Val Shawcross’ office was trying to set up a meeting and in an email wrote: “Val actually is a morning person but has to use Southern trains to get in to the office so we try not to have too many early starts.”
Ten minutes of early afternoon weekday traffic in early November, using the new grade roundabout installed earlier in the year.
In May 2016 I was lucky enough to get to take a tour through the disused/non-public tunnels underneath Euston Station in London. The whole experience was fantastic, but a particular highlight was getting to stand in a ventilation shaft directly above the Victoria Line platforms, where this video was taken. Travelling the underground, it’s easy to be unaware of the network of tunnels around the ones you’re in, bringing air and electricity from the surface.
You know how when your life is busy time seems to creep by so slowly… you look back and say “do you remember the time… oh, that was just last week!” Well that’s what my life’s been like, of late.
There was Milestone: Jethrik and the Three Rings Conference, of course, which ate up a lot of my time but then paid off wonderfully – the conference was a wonderful success, and our announcements about formalising our non-profit nature and our plans for the future were well-received by the delegates. A slightly lower-than-anticipated turnout (not least because of this winter ‘flu that’s going around) didn’t prevent the delegates (who’d come from far and wide: Samaritans branches, Nightlines, and even a representative from a Community Library that uses the software) from saying wonderful things about the event. We’re hoping for some great feedback to the satisfaction surveys we’ve just sent out, too.
Hot on the heels of those volunteering activities came my latest taped assessment for my counselling course at Aylesbury College. Given the brief that I was “a volunteer counseller at a school, when the parent of a bullied child comes in, in tears”, I took part in an observed, recorded role-play scenario, which now I’m tasked with dissecting and writing an essay about. Which isn’t so bad, except that the whole thing went really well, so I can’t take my usual approach of picking holes in it and saying what I learned from it. Instead I’ll have to have a go at talking about what I did right and trying to apply elements of counselling theory to justify the way I worked. That’ll be fun, too, but it does of course mean that the busy lifestyle isn’t quite over yet.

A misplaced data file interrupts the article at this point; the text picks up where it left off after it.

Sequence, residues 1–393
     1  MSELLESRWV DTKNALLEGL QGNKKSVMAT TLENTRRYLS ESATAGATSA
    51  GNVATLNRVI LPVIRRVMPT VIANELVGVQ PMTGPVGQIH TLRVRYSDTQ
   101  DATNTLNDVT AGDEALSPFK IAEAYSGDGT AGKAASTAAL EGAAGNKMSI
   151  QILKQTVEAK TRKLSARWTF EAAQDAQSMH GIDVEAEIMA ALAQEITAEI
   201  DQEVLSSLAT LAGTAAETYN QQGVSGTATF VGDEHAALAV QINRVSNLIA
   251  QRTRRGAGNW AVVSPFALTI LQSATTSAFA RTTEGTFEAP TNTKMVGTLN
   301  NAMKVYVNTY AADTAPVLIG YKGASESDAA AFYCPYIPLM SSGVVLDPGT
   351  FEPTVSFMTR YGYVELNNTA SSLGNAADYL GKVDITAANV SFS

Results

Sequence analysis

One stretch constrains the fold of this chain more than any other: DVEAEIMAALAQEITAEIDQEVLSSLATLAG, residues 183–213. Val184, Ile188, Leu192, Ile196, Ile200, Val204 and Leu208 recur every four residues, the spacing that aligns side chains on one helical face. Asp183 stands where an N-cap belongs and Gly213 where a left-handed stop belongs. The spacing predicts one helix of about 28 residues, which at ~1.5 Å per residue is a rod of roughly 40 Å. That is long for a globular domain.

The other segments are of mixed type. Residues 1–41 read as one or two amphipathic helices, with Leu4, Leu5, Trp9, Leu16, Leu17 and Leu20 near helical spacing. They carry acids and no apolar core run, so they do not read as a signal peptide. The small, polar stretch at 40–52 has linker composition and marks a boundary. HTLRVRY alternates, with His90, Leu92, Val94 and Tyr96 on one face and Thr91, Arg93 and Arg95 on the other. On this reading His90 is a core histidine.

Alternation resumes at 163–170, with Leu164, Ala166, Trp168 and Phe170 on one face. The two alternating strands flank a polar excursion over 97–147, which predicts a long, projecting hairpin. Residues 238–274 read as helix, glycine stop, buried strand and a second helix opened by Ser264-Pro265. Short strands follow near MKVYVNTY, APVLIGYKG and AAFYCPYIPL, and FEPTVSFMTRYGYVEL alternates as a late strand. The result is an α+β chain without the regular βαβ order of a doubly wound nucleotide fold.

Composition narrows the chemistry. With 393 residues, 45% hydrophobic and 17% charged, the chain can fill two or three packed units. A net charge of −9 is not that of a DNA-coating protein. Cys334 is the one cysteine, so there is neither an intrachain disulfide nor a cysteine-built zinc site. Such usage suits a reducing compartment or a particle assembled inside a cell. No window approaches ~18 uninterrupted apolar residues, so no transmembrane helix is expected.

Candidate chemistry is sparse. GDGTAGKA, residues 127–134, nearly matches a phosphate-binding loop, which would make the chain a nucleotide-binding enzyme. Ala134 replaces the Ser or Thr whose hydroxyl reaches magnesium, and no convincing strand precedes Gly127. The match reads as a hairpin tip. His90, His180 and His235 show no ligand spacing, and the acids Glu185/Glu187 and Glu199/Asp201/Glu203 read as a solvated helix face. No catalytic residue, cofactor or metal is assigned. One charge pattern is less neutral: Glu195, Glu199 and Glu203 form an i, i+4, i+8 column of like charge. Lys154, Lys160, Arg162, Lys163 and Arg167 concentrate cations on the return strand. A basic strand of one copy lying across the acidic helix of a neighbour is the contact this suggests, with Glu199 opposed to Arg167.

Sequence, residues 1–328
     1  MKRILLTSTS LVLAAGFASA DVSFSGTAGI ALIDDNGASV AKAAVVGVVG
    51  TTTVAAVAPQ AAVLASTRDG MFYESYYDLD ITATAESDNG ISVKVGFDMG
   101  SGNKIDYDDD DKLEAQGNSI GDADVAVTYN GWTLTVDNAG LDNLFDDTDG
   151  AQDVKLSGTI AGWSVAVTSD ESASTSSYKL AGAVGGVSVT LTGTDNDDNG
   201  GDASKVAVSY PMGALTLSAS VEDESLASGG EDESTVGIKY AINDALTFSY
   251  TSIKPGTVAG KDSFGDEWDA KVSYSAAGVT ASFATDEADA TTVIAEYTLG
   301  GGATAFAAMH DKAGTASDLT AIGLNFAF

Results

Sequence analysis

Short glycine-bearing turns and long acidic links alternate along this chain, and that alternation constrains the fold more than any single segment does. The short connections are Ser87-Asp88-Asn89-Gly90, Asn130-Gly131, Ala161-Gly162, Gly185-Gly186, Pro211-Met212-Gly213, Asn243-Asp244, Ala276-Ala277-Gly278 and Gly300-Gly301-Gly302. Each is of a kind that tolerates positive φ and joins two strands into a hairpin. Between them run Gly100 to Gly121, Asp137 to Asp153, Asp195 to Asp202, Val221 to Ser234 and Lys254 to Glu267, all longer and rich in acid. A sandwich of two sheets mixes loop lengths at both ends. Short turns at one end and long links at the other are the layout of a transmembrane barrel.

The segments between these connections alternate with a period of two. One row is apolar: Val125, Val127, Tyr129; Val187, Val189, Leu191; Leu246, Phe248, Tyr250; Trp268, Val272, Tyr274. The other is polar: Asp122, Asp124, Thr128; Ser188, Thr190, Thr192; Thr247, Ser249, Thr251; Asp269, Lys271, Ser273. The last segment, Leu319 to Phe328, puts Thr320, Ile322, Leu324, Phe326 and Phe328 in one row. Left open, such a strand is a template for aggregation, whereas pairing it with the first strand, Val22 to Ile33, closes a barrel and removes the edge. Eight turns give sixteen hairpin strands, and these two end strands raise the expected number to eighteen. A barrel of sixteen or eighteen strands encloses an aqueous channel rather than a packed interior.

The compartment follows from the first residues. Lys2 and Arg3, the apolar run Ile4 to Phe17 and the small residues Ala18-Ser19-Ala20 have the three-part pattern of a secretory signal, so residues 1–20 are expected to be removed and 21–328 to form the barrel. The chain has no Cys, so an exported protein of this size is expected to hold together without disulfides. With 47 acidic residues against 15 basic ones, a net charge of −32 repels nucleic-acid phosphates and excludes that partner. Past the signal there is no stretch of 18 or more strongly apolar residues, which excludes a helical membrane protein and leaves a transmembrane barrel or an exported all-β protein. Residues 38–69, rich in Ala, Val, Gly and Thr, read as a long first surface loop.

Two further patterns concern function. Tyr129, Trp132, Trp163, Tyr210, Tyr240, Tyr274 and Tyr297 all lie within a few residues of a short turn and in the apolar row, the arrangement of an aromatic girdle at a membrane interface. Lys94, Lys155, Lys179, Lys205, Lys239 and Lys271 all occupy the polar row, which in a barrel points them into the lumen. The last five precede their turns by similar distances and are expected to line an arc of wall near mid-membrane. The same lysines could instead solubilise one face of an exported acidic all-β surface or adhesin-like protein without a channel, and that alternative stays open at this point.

And then on Tuesday I was a guest at the UK Bus Awards, an annual event which my dad co-pioneered back in the mid-1990s. I’d been invited along by Transaid, the charity that my dad was supporting with his planned expedition to the North Pole before he was killed during an accident while training. I was there first and foremost to receive (posthumously, on his behalf) the first Peter Huntley Fundraising Award, which will be given each year to the person who – through a physical activity – raises the most money for Transaid. The award was first announced at my father’s funeral, by Gary Forster, the charity’s chief executive. Before he worked for the charity he volunteered with them for some time, including a significant amount of work in sub-Saharan Africa, so he and I spent a little while at the event discussing the quirks of the local cuisine, which I’d experienced some years earlier during my sponsored cycle around the country (with my dad).
So it’s all been “go, go, go,” again, and I apologise to those whose emails and texts I’ve neglected. Or maybe I haven’t neglected them so much as I think: after all – if you emailed me last week, right now that feels like months ago.
Before he died earlier this year, one of the last pieces of work my dad had done in his career as a transport consultant was to visit Trent Barton bus company and make some suggestions about how the new “The Threes” service should be branded and launched. Following his death, Trent Barton decided to honour my father’s memory by naming one of their brand new vehicles after him, and my sister Sarah and I went up to Nottingham to attend the naming ceremony.
I’m not sure that they expected me to attend. I’m certain that they didn’t expect me to bring a bottle of Guinness Original with me. But I had a plan: when the moment seemed right, I got everybody’s attention and – explaining that my dad was never really a wine drinker but enjoyed a good stout – christened the vehicle with a spray of beer.
I think that this is a wonderfully fitting tribute to a man who did so much for the transport industry, and – based on the mutterings I heard at the naming ceremony – I wouldn’t be the only one to think that perhaps other bus companies ought to have done the same! In any rate, as I joked to my sister: “My dad would have been delighted to know that now all of the young ladies of Nottingham can ride on Peter Huntley all day.”
If you find yourself in the vicinity of Nottingham, keep an eye out for a big orange Optare Versa, registration YJ12 PKU. That’s Peter Huntley you’re riding, too.
Further reading: another take, including a photo of the new bus driving around.